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adrianjordan
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Re: Will Covid 19 impact 2021 season?

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I had a patient the other week who, prior to contracting Covid worked as a healthcare professional and, amongst other hobbies, was a keen cyclist. He is in his early 40s and was previously known to be fit and well with the model of a healthy lifestyle - he didn't even drink or smoke. He was exactly the sort of person who should have been able to fight it off easily.

He contracted Covid in April and ended up in ICU on a ventilator. As a result of the severity of his illness he suffered a hypoxic brain injury and now has cognitive impairments meaning he will never be able to return to his previous profession, indeed may never work again. He also suffered lung damage meaning that his fitness will never return to what it was.

Deaths are just a tiny part of the impact.

And that's before we look at increased mental health incidence and suicide rates amongst healthcare staff in the last 12 months.
Bring on the EV revolution!!

aran.vtec
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Re: Will Covid 19 impact 2021 season?

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adrianjordan wrote:
Wed Jan 06, 2021 11:52 pm
I had a patient the other week who, prior to contracting Covid worked as a healthcare professional and, amongst other hobbies, was a keen cyclist. He is in his early 40s and was previously known to be fit and well with the model of a healthy lifestyle - he didn't even drink or smoke. He was exactly the sort of person who should have been able to fight it off easily.

He contracted Covid in April and ended up in ICU on a ventilator. As a result of the severity of his illness he suffered a hypoxic brain injury and now has cognitive impairments meaning he will never be able to return to his previous profession, indeed may never work again. He also suffered lung damage meaning that his fitness will never return to what it was.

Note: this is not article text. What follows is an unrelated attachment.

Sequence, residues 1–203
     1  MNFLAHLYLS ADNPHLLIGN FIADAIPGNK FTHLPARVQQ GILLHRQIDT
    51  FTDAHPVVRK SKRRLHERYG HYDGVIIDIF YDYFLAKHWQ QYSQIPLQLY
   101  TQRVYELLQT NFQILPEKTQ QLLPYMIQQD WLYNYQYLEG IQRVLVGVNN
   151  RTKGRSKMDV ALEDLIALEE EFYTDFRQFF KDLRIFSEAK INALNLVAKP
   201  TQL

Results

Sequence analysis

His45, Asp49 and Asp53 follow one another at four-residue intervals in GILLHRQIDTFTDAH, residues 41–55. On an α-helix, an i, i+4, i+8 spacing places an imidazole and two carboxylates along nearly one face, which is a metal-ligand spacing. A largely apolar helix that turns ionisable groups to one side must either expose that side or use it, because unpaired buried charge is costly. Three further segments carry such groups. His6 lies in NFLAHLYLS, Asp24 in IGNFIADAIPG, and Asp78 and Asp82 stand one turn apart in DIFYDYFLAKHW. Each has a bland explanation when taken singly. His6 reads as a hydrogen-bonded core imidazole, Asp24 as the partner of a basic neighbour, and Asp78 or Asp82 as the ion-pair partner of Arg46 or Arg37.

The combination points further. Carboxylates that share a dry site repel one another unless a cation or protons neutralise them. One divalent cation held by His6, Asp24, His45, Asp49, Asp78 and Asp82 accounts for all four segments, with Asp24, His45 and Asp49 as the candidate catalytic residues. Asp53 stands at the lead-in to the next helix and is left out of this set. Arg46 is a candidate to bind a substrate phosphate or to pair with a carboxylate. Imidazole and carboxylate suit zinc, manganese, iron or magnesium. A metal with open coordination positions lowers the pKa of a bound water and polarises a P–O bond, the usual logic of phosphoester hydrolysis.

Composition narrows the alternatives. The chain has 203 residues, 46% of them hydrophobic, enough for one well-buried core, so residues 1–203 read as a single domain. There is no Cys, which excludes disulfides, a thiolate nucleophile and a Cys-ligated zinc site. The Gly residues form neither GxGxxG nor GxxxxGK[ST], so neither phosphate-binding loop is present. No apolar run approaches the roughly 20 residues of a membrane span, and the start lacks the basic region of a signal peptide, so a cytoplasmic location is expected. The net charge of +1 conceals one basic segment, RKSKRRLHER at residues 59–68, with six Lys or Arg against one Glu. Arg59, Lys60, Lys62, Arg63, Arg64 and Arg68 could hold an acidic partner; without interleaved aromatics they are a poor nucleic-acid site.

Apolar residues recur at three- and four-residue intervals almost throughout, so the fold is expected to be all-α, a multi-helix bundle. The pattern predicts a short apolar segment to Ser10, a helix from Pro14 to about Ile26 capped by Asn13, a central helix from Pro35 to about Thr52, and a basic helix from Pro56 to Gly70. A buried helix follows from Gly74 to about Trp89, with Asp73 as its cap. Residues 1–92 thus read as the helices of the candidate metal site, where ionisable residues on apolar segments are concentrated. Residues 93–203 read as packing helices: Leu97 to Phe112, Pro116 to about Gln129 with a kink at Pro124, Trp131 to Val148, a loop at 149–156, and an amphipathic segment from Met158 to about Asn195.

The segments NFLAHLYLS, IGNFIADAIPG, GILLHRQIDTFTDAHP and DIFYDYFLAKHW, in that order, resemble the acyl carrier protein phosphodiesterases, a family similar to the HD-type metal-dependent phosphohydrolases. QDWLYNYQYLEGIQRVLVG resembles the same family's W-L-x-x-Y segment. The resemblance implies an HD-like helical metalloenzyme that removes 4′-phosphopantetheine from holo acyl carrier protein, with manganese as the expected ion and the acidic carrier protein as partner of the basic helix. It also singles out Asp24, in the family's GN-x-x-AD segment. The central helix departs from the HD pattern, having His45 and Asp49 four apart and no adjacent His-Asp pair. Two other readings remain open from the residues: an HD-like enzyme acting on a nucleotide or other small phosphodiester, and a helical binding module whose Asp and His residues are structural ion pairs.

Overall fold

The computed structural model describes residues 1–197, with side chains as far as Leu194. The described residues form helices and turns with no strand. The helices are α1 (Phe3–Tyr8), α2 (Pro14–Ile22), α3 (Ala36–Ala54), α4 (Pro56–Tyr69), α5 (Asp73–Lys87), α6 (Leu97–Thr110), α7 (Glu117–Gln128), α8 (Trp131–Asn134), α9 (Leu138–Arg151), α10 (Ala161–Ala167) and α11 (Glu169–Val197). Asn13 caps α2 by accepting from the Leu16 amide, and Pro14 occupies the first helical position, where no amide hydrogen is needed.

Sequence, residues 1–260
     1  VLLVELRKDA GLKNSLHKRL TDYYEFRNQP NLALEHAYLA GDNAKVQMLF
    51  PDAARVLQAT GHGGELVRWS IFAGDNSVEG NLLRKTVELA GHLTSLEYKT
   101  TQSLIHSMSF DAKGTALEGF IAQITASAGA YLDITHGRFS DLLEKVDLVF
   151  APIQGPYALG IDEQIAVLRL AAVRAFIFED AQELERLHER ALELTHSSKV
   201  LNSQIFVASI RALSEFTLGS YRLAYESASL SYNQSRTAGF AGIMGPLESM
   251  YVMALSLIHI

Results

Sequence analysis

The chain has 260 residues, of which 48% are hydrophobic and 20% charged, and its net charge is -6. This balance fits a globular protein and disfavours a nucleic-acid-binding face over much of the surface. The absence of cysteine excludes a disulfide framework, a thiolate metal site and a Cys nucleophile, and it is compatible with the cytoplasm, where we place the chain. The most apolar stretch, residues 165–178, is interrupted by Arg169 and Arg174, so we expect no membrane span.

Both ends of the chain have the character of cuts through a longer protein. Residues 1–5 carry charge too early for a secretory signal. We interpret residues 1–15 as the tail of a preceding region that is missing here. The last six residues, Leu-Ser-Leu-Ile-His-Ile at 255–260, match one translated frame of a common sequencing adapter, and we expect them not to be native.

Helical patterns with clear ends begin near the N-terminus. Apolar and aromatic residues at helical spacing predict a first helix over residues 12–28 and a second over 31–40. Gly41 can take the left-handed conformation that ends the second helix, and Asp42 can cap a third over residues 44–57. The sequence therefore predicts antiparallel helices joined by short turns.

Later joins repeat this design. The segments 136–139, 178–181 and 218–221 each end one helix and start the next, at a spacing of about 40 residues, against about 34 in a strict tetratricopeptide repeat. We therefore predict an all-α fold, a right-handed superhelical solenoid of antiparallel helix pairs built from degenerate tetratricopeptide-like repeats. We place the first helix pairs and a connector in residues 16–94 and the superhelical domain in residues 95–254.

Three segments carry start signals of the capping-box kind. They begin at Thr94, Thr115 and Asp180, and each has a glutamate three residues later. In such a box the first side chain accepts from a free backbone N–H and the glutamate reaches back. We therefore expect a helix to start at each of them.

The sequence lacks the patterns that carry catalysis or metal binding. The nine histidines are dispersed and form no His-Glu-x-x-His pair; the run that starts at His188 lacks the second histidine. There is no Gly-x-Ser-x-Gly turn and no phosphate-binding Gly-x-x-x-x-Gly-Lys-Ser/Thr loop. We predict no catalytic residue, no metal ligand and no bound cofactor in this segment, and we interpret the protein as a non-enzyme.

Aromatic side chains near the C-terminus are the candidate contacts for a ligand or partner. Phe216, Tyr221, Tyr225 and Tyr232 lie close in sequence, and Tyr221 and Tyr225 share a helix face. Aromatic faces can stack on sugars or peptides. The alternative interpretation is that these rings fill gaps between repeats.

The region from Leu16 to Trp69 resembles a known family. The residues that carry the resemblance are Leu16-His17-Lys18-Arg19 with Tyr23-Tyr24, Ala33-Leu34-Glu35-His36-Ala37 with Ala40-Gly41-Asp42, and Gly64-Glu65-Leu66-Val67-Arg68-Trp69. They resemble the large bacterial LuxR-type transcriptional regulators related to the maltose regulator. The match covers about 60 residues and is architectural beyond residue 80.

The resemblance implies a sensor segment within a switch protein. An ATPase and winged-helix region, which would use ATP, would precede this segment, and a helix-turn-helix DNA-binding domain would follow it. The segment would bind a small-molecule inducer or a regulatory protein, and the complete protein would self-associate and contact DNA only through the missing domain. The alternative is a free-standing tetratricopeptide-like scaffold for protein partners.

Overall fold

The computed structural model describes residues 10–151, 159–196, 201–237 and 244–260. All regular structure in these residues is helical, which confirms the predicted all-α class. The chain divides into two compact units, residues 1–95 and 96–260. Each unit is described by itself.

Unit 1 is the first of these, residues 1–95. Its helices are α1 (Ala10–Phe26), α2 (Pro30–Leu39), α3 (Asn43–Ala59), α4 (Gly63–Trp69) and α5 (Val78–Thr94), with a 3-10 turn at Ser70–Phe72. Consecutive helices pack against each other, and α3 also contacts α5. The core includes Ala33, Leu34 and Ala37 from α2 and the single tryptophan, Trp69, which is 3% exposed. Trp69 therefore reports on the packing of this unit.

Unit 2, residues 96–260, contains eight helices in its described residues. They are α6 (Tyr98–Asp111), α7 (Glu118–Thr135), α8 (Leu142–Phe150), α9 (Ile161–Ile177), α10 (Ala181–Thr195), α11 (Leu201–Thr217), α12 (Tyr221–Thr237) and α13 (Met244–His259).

Deaths are just a tiny part of the impact.

And that's before we look at increased mental health incidence and suicide rates amongst healthcare staff in the last 12 months.
the effects of Covid has less todo with how healthy and fit the person is and more todo with your natural immune system 1st world countries where people have had easy access to doctors, hospitals and live in clean healthy environments are far more effected by the people living in 3rd world countries where over the years have been exposed to all various diseases and sickness

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nzjrs
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Re: Will Covid 19 impact 2021 season?

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aran.vtec wrote:
Thu Jan 07, 2021 7:31 am
the effects of Covid has less todo with how healthy and fit the person is and more todo with your natural immune system 1st world countries where people have had easy access to doctors, hospitals and live in clean healthy environments are far more effected by the people living in 3rd world countries where over the years have been exposed to all various diseases and sickness
I think that's very much speculation at this point....

Jolle
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Re: Will Covid 19 impact 2021 season?

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aran.vtec wrote:
Thu Jan 07, 2021 7:31 am
adrianjordan wrote:
Wed Jan 06, 2021 11:52 pm
I had a patient the other week who, prior to contracting Covid worked as a healthcare professional and, amongst other hobbies, was a keen cyclist. He is in his early 40s and was previously known to be fit and well with the model of a healthy lifestyle - he didn't even drink or smoke. He was exactly the sort of person who should have been able to fight it off easily.

He contracted Covid in April and ended up in ICU on a ventilator. As a result of the severity of his illness he suffered a hypoxic brain injury and now has cognitive impairments meaning he will never be able to return to his previous profession, indeed may never work again. He also suffered lung damage meaning that his fitness will never return to what it was.

Deaths are just a tiny part of the impact.

And that's before we look at increased mental health incidence and suicide rates amongst healthcare staff in the last 12 months.
the effects of Covid has less todo with how healthy and fit the person is and more todo with your natural immune system 1st world countries where people have had easy access to doctors, hospitals and live in clean healthy environments are far more effected by the people living in 3rd world countries where over the years have been exposed to all various diseases and sickness